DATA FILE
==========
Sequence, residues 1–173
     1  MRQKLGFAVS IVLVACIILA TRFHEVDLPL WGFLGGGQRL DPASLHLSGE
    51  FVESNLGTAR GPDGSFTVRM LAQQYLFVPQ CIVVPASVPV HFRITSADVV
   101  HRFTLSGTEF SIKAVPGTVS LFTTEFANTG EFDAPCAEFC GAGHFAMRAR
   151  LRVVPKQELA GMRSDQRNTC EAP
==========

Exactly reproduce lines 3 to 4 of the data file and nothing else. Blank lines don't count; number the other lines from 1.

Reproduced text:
    51  FVESNLGTAR GPDGSFTVRM LAQQYLFVPQ CIVVPASVPV HFRITSADVV
   101  HRFTLSGTEF SIKAVPGTVS LFTTEFANTG EFDAPCAEFC GAGHFAMRAR